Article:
Hatred can be concrete or it can be symbolic, abstracted. Either way, it seems to result from our failure to categorize something of cognitive significance. Most of us don’t care when we see a butterfly that we do not recognize and so cannot name, and we don’t really mean it when we say we hate “that damned screen door” that refuses to close properly. But it is different when major elements change within our social world. We are doomed to hate those whom we simply cannot place in our emotionally stabilizing explanatory schemes, cultural categories, or political vocabularies. Hatred springs from cognitive dissonance, ambivalence, ambiguity, and uncertainty, which under certain conditions transform into self-contempt, frustration, and an inability to articulate and deal intersubjectively with what is bothering us. This is natural: If we cannot identify the branch to which the leaves of our vocabulary logically belong, we will have a hard time using vocabulary to connect to others.
In his Marvelous Possessions (1991) Harvard humanities professor Stephen Greenblatt analyzes Sir John Mandeville’s Travels, a medieval account narrated by a fictitious traveler and storyteller named John Mandeville.1 Mandeville shows much generosity and open-mindedness toward the indigenous peoples of China and Tibet, yet is filled with hatred for Jews in Jerusalem.2 Why? Because, as Greenblatt suggests, the Jews pose for him a cognitive, if not existential, predicament. In the framework of traditional medieval Christian cultural logic, we find ourselves in a hierarchy-based world whose center is Jerusalem. We 14th-century Christians can never treat the Jews as equal to us, in accordance with this logic, since St. Origen, one of the Fathers of the Church, officially proclaimed the Jews collectively responsible for the deicide, that is, the crucifixion of Jesus Christ. In addition, the Jews are rivals of the Christians for the spiritual possession of Jerusalem; never mind that at this time the city is under Muslim rule, for in the Muslim hierarchy of holy cities Jerusalem counts only third.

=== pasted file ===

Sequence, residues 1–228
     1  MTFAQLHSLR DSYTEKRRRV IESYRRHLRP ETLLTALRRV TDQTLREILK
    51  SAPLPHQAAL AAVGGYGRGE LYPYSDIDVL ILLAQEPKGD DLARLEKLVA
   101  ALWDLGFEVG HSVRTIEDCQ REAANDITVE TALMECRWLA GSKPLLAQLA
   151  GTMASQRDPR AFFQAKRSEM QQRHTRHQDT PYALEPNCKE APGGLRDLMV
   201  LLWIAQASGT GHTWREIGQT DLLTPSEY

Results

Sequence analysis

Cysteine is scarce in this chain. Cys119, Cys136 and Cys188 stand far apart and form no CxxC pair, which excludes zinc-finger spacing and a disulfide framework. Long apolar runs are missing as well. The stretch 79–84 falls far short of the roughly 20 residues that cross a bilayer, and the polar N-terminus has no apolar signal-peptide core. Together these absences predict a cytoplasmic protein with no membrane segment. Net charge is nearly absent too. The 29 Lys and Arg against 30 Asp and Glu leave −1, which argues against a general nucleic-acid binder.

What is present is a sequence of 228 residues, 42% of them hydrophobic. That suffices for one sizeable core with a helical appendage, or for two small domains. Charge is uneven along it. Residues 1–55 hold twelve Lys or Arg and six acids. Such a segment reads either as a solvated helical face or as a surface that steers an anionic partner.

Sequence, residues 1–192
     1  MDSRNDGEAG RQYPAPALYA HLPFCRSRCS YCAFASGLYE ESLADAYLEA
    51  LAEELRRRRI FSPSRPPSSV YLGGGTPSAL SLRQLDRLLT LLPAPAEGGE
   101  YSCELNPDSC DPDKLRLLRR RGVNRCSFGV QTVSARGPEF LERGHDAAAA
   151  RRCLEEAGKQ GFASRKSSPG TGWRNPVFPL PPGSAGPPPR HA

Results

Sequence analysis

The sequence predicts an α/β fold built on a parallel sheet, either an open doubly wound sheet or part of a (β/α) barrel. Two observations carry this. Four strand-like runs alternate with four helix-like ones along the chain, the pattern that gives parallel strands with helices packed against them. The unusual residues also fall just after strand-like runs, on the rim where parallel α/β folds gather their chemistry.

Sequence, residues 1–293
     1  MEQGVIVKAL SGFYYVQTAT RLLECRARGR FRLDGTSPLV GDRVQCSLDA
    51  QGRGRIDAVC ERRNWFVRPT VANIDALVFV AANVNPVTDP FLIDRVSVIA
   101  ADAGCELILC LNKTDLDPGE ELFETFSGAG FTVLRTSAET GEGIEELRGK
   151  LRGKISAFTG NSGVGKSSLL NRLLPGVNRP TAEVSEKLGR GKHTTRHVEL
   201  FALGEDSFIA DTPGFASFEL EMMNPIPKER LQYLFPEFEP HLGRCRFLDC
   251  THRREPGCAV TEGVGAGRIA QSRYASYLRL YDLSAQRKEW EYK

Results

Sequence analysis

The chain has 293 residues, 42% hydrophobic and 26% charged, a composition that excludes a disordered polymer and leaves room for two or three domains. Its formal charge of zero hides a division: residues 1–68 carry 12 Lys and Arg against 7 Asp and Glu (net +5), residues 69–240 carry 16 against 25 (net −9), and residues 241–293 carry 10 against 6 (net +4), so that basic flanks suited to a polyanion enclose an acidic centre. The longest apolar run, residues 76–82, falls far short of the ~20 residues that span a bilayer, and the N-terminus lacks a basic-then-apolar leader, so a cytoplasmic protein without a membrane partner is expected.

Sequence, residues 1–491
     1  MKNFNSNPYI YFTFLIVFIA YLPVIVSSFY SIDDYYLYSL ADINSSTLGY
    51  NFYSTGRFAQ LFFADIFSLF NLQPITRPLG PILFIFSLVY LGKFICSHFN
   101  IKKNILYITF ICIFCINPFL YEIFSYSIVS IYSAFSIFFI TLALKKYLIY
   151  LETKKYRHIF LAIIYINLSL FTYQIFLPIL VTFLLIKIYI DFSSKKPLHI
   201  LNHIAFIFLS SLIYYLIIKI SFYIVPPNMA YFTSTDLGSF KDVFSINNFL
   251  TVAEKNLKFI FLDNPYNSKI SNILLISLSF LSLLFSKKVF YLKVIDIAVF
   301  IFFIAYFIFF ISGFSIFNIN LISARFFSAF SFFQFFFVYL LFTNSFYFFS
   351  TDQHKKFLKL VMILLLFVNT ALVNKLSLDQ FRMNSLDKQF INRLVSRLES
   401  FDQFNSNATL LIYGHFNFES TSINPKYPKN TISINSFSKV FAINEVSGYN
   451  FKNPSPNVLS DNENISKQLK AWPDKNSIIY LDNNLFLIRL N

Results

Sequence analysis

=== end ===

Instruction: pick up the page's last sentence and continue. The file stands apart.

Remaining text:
Would it be possible to recognize the Jews within the framework of modern cultural logic based on equality, then? No, because in that case we should take the Jews as a people apart but equal to us, and it is as difficult to recognize the true dignity of difference today as it was in the past. A more or less neutral attitude, similar to how Mandeville approaches Chinese idolaters, is therefore impossible here as well. This means that we fail to put the Jews into any proper category. Having failed to do so, we can only exclude them. Hatred is the consequence of exclusion, and it can be intensified by whatever other interests are at play in any given time and place.